• Utility Transformations
  • Utility Transformations
  • Advanced Metering Infrastructure
  • Smart Grid
  • Meter Data Management

From Ownership to Outsourcing: An Evolution of AMI

Michael Kelly
Apr 10, 2018

More than a decade after the earliest models of smart electric meters were deployed, the market for advanced metering infrastructure (AMI) is undergoing a major shift. Utilities have historically preferred to acquire their own physical assets and any software required to manage these assets, store all related data in house, and use their own staff to perform related business processes.

However, numerous utilities do not have capital to finance a full-scale deployment or lack the internal skills or IT infrastructure necessary to support smart meters. With utility revenues flattening around the globe, these financial concerns are only increasing. Some of these utilities—particularly smaller companies—are now looking to service-based delivery models to implement smart metering.

Market Landscape

Utilities are increasingly turning to these flexible deployment models to help them mitigate technology risks and reduce costs. In North America, Wisconsin Public Service and the City of Roseville, California recently contracted with Landis+Gyr and Itron, respectively, to manage various aspects of their AMI deployments. Internationally, energy retailers like Solarplicity (UK) and Trustpower (New Zealand) are demonstrating the demand for as a service solutions in deregulated markets.

Regarding these service-based delivery models, there are a number of potential configurations, including:

  • Data services: The collection, storage, and analysis of data in the cloud.
  • Cloud-based software: The delivery of software as a service or enterprise-hosted software.
  • Fully managed services: The delivery of physical assets and business processes as a fully managed service.

While the assets (meters) themselves will largely remain within the utility domain, there are a number of AMI operations being outsourced to third parties, including:

  • Smart grid communications (Silver Spring Networks, Sensus, and Trilliant)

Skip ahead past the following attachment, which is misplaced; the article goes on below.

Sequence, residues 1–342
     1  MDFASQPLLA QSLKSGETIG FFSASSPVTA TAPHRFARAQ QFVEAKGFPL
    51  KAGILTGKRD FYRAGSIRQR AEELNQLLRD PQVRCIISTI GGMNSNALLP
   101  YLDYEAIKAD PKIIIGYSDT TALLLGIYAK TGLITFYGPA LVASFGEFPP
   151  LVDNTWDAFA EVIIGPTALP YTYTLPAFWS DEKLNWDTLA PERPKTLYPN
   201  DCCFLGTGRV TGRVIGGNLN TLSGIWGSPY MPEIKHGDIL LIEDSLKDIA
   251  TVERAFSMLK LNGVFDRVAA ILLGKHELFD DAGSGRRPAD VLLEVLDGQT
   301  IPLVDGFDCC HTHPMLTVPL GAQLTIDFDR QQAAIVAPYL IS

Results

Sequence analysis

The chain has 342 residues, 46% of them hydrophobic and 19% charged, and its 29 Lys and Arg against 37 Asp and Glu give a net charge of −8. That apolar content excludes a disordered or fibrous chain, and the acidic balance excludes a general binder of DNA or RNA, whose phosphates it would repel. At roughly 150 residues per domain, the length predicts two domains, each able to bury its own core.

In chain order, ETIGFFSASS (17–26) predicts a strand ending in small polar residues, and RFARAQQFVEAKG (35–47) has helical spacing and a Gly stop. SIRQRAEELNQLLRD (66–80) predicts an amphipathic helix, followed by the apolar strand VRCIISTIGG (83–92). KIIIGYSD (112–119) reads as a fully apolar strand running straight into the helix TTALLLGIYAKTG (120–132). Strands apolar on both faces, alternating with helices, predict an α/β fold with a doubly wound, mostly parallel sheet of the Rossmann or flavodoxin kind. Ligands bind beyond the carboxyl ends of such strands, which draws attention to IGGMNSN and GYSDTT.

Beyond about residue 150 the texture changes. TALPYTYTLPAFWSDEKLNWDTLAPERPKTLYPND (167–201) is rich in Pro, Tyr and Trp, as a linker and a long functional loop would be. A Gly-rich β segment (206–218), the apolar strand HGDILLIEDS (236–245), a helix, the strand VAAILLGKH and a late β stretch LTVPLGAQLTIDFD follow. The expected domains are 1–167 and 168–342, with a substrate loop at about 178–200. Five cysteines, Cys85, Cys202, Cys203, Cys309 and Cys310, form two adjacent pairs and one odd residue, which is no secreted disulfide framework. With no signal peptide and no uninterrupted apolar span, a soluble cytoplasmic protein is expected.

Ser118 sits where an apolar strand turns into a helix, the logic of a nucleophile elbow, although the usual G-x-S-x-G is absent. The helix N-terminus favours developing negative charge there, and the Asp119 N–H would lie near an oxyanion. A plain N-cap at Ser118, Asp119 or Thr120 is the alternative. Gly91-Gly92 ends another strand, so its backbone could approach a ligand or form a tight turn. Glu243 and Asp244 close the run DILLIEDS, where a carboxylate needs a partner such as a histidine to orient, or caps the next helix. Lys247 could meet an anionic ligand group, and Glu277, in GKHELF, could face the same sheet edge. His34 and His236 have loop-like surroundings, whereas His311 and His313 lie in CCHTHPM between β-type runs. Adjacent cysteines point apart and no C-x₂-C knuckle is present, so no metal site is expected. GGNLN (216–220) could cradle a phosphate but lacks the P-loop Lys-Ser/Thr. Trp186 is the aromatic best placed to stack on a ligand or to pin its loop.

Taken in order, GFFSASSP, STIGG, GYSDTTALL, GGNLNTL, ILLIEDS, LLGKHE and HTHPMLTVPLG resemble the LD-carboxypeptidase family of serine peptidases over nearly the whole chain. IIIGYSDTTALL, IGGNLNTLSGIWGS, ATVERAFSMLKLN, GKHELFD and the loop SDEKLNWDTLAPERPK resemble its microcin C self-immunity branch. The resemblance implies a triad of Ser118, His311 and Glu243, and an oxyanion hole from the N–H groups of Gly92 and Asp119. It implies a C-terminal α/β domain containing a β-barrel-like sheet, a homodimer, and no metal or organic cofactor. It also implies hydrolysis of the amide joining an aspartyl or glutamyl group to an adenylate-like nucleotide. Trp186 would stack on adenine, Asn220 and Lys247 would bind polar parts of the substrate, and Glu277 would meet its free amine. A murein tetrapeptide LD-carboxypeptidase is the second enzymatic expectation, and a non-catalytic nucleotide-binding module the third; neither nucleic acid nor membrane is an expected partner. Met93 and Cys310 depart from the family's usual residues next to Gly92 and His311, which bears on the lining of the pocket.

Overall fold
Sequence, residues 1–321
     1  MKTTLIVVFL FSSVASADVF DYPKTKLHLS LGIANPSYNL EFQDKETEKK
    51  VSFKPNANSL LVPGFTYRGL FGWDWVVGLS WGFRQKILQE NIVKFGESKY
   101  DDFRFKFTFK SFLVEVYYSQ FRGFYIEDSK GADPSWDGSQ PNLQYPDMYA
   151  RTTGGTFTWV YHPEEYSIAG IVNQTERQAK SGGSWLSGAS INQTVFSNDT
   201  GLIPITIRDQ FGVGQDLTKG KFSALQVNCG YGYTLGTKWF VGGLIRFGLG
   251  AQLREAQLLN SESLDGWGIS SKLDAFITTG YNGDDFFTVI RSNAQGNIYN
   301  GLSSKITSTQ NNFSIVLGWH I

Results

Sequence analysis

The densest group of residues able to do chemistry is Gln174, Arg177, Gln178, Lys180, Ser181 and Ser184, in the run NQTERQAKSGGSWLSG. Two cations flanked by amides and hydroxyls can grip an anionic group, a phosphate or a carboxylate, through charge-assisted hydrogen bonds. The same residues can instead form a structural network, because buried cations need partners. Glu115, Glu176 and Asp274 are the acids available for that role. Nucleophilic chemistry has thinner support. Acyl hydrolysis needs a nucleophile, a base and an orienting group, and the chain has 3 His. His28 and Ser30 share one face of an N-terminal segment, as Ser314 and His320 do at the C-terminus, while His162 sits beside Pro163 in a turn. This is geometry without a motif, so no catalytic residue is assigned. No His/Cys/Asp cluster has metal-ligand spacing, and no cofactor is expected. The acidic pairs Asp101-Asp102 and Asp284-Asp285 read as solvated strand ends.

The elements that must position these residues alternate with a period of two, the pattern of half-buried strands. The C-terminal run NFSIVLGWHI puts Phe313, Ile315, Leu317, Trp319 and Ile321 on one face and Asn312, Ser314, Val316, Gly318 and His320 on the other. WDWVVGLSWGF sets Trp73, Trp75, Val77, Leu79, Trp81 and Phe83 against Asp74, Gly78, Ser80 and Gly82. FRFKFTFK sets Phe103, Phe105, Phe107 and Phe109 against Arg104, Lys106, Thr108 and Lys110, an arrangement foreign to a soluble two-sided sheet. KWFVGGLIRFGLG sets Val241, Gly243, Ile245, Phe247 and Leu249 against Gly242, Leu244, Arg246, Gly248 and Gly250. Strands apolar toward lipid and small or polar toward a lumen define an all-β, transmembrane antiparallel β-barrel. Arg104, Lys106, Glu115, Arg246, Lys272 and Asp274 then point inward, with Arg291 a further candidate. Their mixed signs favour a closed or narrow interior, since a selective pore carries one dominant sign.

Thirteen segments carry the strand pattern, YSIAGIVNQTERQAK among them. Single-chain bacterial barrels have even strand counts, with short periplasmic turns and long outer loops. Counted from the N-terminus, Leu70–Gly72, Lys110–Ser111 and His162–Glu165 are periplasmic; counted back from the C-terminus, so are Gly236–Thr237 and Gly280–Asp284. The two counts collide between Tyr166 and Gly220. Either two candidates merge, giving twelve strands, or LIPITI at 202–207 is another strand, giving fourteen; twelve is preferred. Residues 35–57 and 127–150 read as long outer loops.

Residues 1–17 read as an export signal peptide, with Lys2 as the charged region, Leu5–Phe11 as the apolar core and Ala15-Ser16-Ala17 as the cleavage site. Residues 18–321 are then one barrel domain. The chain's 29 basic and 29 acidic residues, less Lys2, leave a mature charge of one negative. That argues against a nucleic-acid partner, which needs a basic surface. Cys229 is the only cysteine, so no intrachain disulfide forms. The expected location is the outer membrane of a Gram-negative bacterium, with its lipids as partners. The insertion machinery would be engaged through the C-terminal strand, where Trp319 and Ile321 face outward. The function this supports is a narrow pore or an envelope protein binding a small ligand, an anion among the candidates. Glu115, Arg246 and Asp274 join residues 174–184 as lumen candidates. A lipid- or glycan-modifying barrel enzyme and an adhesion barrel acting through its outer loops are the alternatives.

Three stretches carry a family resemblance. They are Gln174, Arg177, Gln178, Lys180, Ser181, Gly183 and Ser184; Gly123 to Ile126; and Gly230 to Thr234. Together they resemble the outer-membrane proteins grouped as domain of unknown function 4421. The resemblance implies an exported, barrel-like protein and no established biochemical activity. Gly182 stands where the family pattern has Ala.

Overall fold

• Network headend systems and meter data management software (Itron, Landis+Gyr)
  • Smart meter data services (Opower, DataRaker, Trove, SAP, and C3 IoT)

Growth Enables Growth

Looking forward, the market for service-based delivery models will remain strong. This comes in part from three market growth considerations: new smart meter growth, replacement smart meter growth, and growth from emerging markets:

  • New: Navigant Research expects the smart meter market to remain strong and grow over the next decade, with global penetration expected to climb from approximately 39% at the end of 2018 to 57% by the end of 2027. These new deployments will facilitate higher levels of spending around smart meter communications and management; this leaves considerable upside in the market for service-based delivery models.
  • Replacement: The market for smart meters as a service is not just limited to new deployments. The earliest smart meter deployments will soon enter their first replacement cycle, as seen in Italy and Sweden. After a decade of direct ownership, some utilities are looking to the as a service model as a way to flexibly introduce new technology (e.g., the migration from an owned radio mesh network to public cellular).
  • Emerging Markets: In the US, most major investor-owned utilities and cooperatives have or are in the process of rolling out smart meters. This leaves an untapped market of primarily smaller public utilities, which to date have shown a propensity to adopt service-based delivery models for the ongoing management of those new meters. Emerging markets, including Eastern Europe, Asia Pacific, Latin America, and the Middle East & Africa, will account for the majority of new project growth; utilities in these markets are more likely to lack the requisite human and financial capital to deploy and manage their own smart metering network.

Considering the Future

When considering these market drivers, it should be noted that vendors are also paying attention and adjusting their product strategies to this changing business landscape. Perceptions and demand for these service models have changed at a pace that is truly astounding. While not the norm quite yet, the future of service-based delivery models is bright.